Remarks by United States Attorney McSwain on the Aftermath of George Floyd Protests and the Unlawful Rioting in Philadelphia this Past Weekend
PHILADELPHIA – In the wake of the violence and looting that took place in Philadelphia and surrounding counties over the past weekend, United States Attorney William M. McSwain participated in a press conference today to address the role that the United States Attorney’s Office for the Eastern District of Pennsylvania will play in restoring order and enforcing the rule of law in the District. Other speakers at the press conference were Pat Toomey, United States Senator, Pennsylvania; John McNesby, President, Fraternal Order of Police Lodge #5; Farah Jimenez, President and CEO, Philadelphia Education Fund; Reverend Reginald C. Johnson, Special Assistant to the CEO, People for People, Inc.; and Martina White, Member of the Pennsylvania House of Representatives. Below are U.S. Attorney McSwain’s remarks as prepared for delivery.
Thank you, Senator Toomey.
We are united as a nation in our disgust over what happened to George Floyd. Nobody of good will can watch the video of his encounter with the Minneapolis police and not feel shock and anger. The feeling is universal, among both civilians and law enforcement alike.
Accountability for Mr. Floyd’s death must be addressed, and is being addressed, through our criminal justice system, both at the state and federal levels. That system is working and moving quickly. Initial charges have already been filed. Justice will be served.
The right of the people peaceably to assemble is one of our most cherished Constitutional rights. Many of this weekend’s protestors in Philadelphia exercised that right in a responsible manner. Others did not. Instead, they engaged in senseless violence – rioting, looting, burning.
There is no excuse for that kind of lawlessness. If you engage in that type of criminal behavior under the guise of “protest,” you disgrace the Constitution and you disgrace yourself. And you dishonor the memory of George Floyd.
In the face of extreme provocation this past weekend, with various physical objects and obscenities being hurled at them, the brave men and women of the Philadelphia Police Department did their job, and exercised admirable courage and restraint while doing so. Operating under extremely dangerous conditions, they did their very best to keep the City safe – and I applaud and thank them for that.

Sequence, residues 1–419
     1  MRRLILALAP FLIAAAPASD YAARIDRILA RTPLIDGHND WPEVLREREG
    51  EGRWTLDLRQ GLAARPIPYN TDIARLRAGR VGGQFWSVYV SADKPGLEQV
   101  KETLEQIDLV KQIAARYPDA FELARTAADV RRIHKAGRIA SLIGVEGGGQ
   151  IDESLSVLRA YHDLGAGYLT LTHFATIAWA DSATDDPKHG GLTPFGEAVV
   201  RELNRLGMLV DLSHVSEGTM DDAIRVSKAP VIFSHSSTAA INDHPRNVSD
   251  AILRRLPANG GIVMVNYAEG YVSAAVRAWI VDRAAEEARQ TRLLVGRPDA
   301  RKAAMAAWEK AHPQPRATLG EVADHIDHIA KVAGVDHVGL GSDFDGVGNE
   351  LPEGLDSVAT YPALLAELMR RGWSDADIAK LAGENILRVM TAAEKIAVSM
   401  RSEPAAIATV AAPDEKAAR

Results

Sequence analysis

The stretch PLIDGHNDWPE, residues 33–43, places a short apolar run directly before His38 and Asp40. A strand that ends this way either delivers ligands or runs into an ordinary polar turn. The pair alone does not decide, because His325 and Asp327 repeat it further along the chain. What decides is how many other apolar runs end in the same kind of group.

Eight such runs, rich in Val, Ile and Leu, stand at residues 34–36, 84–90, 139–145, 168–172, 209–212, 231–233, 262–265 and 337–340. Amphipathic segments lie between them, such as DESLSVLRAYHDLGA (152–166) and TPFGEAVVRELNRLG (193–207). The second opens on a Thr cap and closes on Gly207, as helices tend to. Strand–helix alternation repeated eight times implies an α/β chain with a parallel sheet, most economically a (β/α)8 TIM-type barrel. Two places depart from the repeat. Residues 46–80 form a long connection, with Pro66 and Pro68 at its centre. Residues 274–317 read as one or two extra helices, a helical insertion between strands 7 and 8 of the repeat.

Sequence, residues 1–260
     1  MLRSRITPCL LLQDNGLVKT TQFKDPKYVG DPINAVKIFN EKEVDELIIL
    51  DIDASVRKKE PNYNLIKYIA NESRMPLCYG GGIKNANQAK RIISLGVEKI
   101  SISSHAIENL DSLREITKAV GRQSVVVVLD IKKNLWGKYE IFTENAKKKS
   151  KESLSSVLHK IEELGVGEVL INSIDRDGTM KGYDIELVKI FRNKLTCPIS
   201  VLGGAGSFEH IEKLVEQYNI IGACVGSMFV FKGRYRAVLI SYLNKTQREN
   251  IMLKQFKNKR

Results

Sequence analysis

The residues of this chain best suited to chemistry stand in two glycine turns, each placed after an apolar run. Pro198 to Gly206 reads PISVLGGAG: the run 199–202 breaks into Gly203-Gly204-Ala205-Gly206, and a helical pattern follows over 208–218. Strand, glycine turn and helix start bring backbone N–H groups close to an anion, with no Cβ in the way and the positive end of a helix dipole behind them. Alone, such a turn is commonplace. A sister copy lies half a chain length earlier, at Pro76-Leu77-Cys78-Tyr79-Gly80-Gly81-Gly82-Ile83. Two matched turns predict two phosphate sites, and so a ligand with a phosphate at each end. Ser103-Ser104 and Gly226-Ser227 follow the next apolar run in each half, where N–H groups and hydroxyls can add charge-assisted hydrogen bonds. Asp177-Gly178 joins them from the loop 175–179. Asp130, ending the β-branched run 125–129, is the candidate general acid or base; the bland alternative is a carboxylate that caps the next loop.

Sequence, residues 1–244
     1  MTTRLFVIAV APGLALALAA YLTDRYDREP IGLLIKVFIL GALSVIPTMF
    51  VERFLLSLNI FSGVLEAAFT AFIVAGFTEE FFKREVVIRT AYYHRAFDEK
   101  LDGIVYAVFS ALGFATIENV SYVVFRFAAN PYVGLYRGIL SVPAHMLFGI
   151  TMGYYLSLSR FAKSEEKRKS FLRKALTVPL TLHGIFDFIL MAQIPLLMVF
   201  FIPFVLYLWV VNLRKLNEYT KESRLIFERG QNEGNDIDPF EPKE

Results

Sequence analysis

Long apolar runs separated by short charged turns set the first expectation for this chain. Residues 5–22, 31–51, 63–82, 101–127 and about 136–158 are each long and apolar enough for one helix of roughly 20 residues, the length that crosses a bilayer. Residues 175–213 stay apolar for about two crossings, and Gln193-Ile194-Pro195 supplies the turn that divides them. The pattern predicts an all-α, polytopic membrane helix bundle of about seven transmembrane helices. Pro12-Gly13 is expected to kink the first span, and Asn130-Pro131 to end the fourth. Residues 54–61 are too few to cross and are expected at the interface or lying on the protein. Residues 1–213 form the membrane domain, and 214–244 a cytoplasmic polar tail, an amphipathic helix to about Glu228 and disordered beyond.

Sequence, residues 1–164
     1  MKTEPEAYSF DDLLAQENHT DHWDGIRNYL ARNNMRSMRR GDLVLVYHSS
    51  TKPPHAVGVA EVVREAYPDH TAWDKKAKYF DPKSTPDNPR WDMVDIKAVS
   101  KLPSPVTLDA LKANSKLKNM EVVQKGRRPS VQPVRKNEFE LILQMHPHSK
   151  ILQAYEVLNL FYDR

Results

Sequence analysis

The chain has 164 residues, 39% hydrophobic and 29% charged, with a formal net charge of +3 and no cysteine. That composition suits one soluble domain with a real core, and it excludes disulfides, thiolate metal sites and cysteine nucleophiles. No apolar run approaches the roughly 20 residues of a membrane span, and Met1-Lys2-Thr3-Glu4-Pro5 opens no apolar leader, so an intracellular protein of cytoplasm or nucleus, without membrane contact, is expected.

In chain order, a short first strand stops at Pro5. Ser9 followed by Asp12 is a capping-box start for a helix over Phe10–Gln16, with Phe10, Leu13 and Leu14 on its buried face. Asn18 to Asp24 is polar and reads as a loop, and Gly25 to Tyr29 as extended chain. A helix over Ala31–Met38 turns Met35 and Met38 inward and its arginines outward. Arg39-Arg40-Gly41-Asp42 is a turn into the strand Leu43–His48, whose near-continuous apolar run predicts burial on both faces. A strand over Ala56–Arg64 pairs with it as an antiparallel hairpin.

But restraint only goes so far. It is time to squarely confront any further violence and stop it in its tracks. Any continued violence, destruction of property and theft endangers the lives and livelihoods of others, and interferes with the rights of peaceful protestors, as well as the rights of all other citizens. It also undercuts the work that needs to be done to address legitimate grievances.
It is the responsibility of state and local leaders to ensure that adequate law enforcement resources are deployed on the streets to reestablish law and order. Federal law enforcement actions will be directed at apprehending and charging the violent agitators who have hijacked peaceful protest and are engaged in violations of federal law.
Some of those violations could include: arson, inciting a riot, engaging in civil disorder, destruction of motor vehicles, destruction of federal property, assaulting a federal officer or federal employee, and various firearms charges.
I implore any protestors in Philadelphia to behave peacefully. I also issue this warning: if you engage in violence and destruction and we have federal jurisdiction over your crime, you will be prosecuted in federal court to the fullest extent of the law. That is a promise.
Despite the looting and violence that we witnessed this weekend, Philadelphia is not a community of criminals. We are a City of honest, hard-working, and law-abiding people. We are members of community organizations, residents raising families, and people who serve the public good in a myriad of ways. On Sunday morning, after a night of destruction, people from all walks of life voluntarily gathered to clean our city streets, washing graffiti off of buildings, picking up debris, and helping store owners board up their broken windows. That is the Philadelphia that we need to come together to protect – one that respects our Constitution and the rule of law – and I am proud to be a part of it. Thank you.